Further, in accordance with applicants invention a device in the tom of an immersion sampler will include an immersible body structure having therein a cavity with an entrance portion for reception of a sample of molten material. A separable heat shielding protective structure is supported in surrounding relation with respect to the entrance portion by heat destructible means until acted upon by the molten material of the bath in a manner effecting separation of the heat shielding protective structure.
More specifically, in accordance with applicants invention, an immersion sampler of known type including a body structure having therein a cavity with an entrance portion for reception of a sample of molten material is supported in the immersion end of a cardboard tube. The complete unit is characterized by the inclusion of a cardboard tube extension the immersion end of which is closed by a perforated cardboard cover surrounded by a fusible metal cap. This cardboard tube extension is affixed in abutting relation to the cardboard tube which supports the body structure by means'of a heat destructible paper tape which seals the joint between the cardboard tube and the tube extension until acted by the bath of molten material which effects separation of the tubes.
DESCRIPTION OF THE DRAWINGS DESCRIPTION OF PREFERRED EMBODIMENTS Referring to FIG. I, there is shown an immersion sampler assembly 10 of a type more fully described and claimed in the above-mentioned Boyle patent which is assigned to applicants assignee. This unit 10 is comprised of an outermost housing 1 which desirably is a heavy walled cardboard tube 11. Sup-" ported at the immersion end of tube 11 is a body element 12 having an entrance passage 13 which provides for passage of molten material into a sample cavity 14. The diameter and length of the entrance passage 13 is such as to effect rapid freezing of the sample of molten material therein soon after the cavity 14 has been filled thus to retain the sample of molten material in cavity 14 during cooling thereof. A thermocouple structure 15 projects into cavity 14. This thermocouple is connected within the body structure 12 to leadwires having bent-back portions 16 and 17 which overlie a tubular portion of resilient insulating material 18 supported by and projecting from the body 12. The immersion end of the body structure 12 is covered by a fusible metal cap 20. The heat sensing assembly comprised of the thennocouple structure 15 is by means of the lead wires connectable to a measuring circuit, in a manner not shown here but clearly described in several of the aforementioned patents, so that a cooling curve may be plotted as the molten sample in cavity 14 cools.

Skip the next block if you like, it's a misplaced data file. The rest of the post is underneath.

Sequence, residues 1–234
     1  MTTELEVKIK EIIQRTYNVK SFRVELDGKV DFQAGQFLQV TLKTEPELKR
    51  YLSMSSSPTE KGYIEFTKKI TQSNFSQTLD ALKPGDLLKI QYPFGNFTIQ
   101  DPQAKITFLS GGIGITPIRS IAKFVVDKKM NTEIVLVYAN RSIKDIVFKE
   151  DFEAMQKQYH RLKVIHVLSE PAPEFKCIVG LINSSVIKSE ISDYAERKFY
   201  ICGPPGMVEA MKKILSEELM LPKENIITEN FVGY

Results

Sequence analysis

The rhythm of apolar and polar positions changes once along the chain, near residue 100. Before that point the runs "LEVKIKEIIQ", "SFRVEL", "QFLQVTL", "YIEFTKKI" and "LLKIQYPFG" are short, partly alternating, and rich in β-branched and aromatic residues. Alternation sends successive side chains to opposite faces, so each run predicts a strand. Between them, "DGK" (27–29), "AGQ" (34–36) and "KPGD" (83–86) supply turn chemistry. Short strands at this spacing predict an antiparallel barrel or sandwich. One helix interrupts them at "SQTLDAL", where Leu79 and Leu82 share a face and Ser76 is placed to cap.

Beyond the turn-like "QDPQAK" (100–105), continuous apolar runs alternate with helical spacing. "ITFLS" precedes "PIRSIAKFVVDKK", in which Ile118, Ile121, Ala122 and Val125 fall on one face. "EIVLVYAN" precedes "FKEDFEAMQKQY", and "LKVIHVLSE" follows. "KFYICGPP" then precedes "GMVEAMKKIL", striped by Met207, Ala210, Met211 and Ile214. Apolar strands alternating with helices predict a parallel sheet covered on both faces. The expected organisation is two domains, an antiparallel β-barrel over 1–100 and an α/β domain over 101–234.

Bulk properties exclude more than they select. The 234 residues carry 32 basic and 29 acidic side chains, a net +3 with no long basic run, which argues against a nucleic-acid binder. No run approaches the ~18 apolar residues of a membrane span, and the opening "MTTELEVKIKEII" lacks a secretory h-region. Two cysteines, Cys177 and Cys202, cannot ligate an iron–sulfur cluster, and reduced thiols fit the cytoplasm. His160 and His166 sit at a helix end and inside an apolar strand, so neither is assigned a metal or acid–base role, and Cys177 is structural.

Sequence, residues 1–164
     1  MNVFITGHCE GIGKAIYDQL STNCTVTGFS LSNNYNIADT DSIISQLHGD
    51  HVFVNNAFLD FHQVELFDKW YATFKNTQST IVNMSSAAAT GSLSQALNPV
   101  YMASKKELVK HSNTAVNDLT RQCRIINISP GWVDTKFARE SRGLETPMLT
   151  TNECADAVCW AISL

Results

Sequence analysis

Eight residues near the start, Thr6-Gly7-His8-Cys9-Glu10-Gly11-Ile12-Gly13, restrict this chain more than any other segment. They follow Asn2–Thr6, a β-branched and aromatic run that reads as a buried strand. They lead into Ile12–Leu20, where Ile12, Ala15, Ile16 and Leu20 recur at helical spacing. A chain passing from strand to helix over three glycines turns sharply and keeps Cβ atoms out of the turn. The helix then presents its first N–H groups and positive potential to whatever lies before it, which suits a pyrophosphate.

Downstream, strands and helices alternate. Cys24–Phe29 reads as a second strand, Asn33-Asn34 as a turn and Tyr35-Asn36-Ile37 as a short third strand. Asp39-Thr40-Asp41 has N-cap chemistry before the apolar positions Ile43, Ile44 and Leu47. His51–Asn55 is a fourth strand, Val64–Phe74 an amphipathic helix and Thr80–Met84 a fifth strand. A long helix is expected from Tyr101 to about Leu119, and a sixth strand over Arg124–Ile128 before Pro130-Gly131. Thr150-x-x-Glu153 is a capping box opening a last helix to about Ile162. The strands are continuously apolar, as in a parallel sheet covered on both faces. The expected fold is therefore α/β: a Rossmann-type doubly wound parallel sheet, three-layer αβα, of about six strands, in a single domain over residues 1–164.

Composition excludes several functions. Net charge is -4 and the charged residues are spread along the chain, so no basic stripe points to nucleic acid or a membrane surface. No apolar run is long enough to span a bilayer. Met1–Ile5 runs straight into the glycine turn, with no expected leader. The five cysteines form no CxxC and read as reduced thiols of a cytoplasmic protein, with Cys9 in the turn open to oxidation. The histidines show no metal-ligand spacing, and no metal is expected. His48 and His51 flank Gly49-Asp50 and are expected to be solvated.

The sampler assembly and its use briefly described above is clearly and completely described in many of its useful forms in U.S. Pat. No. 3,455,164-0. P. Boyle assigned to applicants assignee. This structure per se forms no part of the present invention and further description of its many possible forms is deemed unnecessary.
ln abutting relation to the tube 11 is an extension tube 21 which is desirably of cardboard of the same wall thickness as that of the tube 11. This extension tube 21 may be 3 or more inches in length. The precise length per se is not critical. It is closed by a cardboard end plate 22 about three thirty-seconds inch thick. This plate has a single hole or perforation 23 centrally thereof to permit the escape of air. The cardboard end plate 22 may be separately secured to the end of the cardboard tube 21 by a suitable cement or may be clamped in place by means of a metal cap 24 which serves to protect the cardboard elements before and during initial insertion into the molten material. Cap 24 may be of a material similar to that of the fusible metal cap 20 mentioned above. The tube 21, plate 22, and cap 24' together form a heat shielding protective structure 100.